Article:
Confidential History: Monsanto and Agent Orange

In 1979, veterans of the Vietnam War filed a class action lawsuit against Monsanto to secure a $40 billion trust fund to compensate the veterans for cancer, miscarriages, and birth defects they claimed were caused by exposure to Monsanto’s product Agent Orange. Five years later, these Vietnam veterans received only a small fraction of this amount in the form of a $180 million fund from a conglomerate of chemical companies that produced Agent Orange including Monsanto.


In response to the 1979 class action lawsuit, Monsanto denied and discredited scientific evidence, government reports, and testimonial accounts of the toxicity of Agent Orange. The document highlighted here offers a glimpse into the ways Monsanto evaded responsibility for producing approximately 3.8 million gallons of the highly toxic substance Agent Orange.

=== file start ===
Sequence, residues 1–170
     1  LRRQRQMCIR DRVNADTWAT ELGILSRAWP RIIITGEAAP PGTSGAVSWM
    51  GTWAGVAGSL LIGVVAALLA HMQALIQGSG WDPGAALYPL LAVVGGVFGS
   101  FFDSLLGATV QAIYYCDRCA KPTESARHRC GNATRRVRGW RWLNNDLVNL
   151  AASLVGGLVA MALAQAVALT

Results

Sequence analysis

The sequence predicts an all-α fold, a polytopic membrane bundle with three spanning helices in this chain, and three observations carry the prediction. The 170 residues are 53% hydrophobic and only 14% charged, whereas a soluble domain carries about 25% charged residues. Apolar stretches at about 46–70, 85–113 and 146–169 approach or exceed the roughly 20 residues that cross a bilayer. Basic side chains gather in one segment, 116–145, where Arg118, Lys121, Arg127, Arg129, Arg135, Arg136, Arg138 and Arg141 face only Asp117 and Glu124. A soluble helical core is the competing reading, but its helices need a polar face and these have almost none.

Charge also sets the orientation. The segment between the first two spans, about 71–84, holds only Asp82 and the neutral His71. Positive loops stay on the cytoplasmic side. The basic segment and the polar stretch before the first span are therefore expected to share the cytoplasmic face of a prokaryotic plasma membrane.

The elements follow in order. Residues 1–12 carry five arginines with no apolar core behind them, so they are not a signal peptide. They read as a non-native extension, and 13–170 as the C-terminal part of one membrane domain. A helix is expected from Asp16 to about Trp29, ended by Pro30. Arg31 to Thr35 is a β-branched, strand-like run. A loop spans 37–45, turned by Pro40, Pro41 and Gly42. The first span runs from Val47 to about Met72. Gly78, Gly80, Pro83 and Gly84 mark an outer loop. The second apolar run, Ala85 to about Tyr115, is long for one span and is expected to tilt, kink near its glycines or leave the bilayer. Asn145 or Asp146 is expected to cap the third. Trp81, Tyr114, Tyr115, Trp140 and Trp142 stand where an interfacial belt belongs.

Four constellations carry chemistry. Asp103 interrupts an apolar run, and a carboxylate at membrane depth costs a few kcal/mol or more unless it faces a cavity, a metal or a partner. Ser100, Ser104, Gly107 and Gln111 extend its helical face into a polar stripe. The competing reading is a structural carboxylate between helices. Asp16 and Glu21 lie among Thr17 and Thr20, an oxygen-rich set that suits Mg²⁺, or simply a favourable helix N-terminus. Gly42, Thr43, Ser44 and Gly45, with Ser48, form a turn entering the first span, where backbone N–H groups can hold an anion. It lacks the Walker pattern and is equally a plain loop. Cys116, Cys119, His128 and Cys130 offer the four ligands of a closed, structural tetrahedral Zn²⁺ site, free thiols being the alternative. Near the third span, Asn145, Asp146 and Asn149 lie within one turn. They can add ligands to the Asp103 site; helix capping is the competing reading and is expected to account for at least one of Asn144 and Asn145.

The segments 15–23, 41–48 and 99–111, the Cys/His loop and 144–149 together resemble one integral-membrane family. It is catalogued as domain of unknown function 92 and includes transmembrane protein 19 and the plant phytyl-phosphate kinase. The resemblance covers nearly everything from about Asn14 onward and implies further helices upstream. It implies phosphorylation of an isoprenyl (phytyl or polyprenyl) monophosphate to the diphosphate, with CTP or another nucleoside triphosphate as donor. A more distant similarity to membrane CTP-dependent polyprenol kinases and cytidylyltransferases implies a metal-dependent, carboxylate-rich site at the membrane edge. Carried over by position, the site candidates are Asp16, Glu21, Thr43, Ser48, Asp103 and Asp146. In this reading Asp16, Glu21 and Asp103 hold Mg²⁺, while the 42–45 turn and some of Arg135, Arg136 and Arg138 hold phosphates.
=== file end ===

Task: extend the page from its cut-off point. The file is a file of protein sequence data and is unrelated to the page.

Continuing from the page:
In a transcribed Q and A on Agent Orange that took place in 1982, representatives from Monsanto dodged nearly every question regarding the high toxicity of Agent Orange contaminated with dioxin. To begin questioning, Monsanto representatives were asked about a government document that proves a sample from Agent Orange supplied by Monsanto was highly contaminated with dioxins. In the following responses, Monsanto states: “At this time, we don’t have sufficient information to draw any conclusions from the document...Because we lack crucial information on how the Agent Orange allegedly produced by Monsanto was identified and analyzed it would be inappropriate to draw any conclusions based on the information contained in the government document.”

In a later question, Monsanto representatives are confronted with the question about previous studies showing that Agent Orange contaminated with dioxins is the cause of health problems. The Monsanto representatives reply:


In these replies, one can see Monsanto both avoiding responsibility and denying accountability for their highly toxic product Agent Orange.

Check out the file here!